Thankfully, the early morning weather forecast was beginning to come into affect; the wind was shifting to a south westerly and the free speed it provided was phenomenal! However, we were now becoming acutely aware of what the locals referred to as: ‘the wind tunnel’. Not only did the wind drastically intensify it was creating an almighty swell on the surface of the water creating regular peaks and troughs; the peaks were gaining height and were large enough that, if caught, would propel the SUP forwards and at quite a rate. On the flip side, the troughs were becoming deeper meaning: should the peak be missed then the board would follow the trajectory of ‘the wave’ nose-diving into the loch, rescued only by stamping on the rear bringing the nose-tip back above the waterline avoiding full submersion or, worst still, being catapulted off the board and into the freezing water. This was more like SUP surfing then conventional paddle boarding. Far from being daunting, it was adding to the enjoyment. A huge smile appeared across my face. It felt like we were paddling in a grade of rapids, the noise being created really enforced this illusion: the crashing waves, the howling wind, the torrential rain splashing into the water. I could hardly hear my own power grunts as I aimed to hit every peak; it was so loud. There was no way a conversation could be had or heard. The concentration that was needed meant that there was no time to take stock and think, which in hindsight was a blessing. As the day progressed the sky felt like it was closing in, the clouds were becoming noticeably thicker and a mist was dropping, slowly encroaching the highest treetops. This was really pushing our SUP skills to the limit and it was reminding us that Storm Maria was getting closer.

SUP surfing the swell was both physically and mentally exhausting, particularly when returning to the water after a food stop. Paddling into the breakers was a whole different experience and one more akin to surfing rather than paddle boarding especially around the mouth of the River Awe, a tributary linking Loch Awe and Loch Etive. The trick was to crouch low on the board, creating ballast and stability, and to hit the breaker at a slight angle. We found that should the board hit a breaker nose-first then, depending on the strength and size of the wave, the board lifted skywards risking a full bow-to-stern capsize unless we redistributed our weight to counteract it. The speed and velocity of the breakers was such that it was an almighty battle with the wind and swell to regain the position that we had before the break, was it worth the effort to stop?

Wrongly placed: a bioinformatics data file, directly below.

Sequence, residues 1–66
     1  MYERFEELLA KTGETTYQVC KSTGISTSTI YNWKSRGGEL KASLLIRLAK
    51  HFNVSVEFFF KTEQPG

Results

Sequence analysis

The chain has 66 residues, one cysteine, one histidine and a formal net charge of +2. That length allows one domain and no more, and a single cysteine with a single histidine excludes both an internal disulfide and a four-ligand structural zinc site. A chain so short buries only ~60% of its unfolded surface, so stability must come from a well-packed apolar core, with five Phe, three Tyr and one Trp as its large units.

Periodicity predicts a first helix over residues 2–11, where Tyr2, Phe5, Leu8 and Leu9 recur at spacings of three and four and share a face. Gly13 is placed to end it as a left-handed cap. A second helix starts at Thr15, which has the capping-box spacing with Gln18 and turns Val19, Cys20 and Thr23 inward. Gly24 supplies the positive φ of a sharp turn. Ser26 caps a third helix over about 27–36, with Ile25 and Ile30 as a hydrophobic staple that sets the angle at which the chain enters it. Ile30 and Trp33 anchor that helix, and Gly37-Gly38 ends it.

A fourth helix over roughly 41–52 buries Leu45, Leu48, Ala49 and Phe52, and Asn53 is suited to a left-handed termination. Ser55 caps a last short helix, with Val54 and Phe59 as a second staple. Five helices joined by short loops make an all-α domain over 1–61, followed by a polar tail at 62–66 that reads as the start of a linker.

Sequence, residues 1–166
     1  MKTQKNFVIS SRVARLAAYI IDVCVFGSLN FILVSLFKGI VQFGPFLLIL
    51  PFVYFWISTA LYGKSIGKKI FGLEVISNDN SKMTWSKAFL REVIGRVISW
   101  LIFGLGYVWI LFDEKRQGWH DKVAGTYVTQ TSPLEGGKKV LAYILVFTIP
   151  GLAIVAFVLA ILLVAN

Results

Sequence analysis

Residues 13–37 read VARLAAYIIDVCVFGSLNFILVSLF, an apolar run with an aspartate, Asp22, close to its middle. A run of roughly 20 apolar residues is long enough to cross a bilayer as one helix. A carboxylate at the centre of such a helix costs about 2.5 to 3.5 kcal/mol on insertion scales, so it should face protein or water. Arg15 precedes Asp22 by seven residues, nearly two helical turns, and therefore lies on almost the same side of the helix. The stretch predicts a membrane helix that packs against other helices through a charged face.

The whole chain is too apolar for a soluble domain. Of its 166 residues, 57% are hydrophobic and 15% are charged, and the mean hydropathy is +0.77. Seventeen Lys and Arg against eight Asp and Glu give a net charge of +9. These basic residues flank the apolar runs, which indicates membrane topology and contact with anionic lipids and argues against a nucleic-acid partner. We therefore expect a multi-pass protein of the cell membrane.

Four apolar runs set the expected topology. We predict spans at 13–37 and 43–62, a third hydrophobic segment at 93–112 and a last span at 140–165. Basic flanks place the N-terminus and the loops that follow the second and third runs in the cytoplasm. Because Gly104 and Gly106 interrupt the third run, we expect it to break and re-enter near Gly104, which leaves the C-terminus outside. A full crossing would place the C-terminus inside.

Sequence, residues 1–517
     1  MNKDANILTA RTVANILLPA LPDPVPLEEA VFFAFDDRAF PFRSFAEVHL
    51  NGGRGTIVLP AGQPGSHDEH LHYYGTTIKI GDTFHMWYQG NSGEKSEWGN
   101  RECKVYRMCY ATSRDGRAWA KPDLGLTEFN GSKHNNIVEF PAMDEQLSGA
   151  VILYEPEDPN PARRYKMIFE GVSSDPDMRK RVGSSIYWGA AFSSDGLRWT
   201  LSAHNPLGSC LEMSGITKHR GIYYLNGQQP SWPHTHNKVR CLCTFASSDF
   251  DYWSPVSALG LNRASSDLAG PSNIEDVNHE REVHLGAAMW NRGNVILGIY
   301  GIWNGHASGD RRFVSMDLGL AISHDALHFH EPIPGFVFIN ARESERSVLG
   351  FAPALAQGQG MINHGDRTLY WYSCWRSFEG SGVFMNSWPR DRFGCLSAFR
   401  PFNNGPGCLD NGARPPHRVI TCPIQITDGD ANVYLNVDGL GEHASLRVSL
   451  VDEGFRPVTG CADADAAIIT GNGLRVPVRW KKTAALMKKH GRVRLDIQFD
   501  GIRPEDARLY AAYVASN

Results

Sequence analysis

It was getting late in the day, the conditions were on the verge of exceeding a tipping point: how much more battering by the elements could we fight against? We were exhausted, aching, soaked through: when do you make that decision to admit defeat and call an end to proceedings? Had we pushed our luck too much? These questions were firmly etched onto our minds. But with a stroke of luck as we battled our way past the Island of Innis Chonain and away from the mouth of the River Awe, the rain broke, the wind slowed and on the horizon, through the ever descending mist, was what looked like a castle: was that Kilcurn Castle, the final landmark before the end? Were we on the home run?

It was and we were; this was the final push and didn’t our bodies feel it. We continued pushing hard through the aches and tiredness, the castle getting closer and closer until it towered above us. Our end point was a tiny car park to the rear but getting there meant navigating around the shallow waters, scraping our fins along the rocky gradient leading up to the shore. We had made it; we had conquered Loch Awe and won. With that, we had successfully paddled the 3 longest lakes in Wales, England and Scotland.

Storm Maria did arrive two hours later and, as predicted, brought winds that would have ended our journey. The decision to begin at first light proved to be correct and paved our way to victory. The journey was not just an endurance challenge but an almighty battle against the elements. With it brought some of the most exhilarating hours of stand up paddle boarding we have ever experienced to date.



Words: Marcus Samperi

Pictures: Neil Froggitt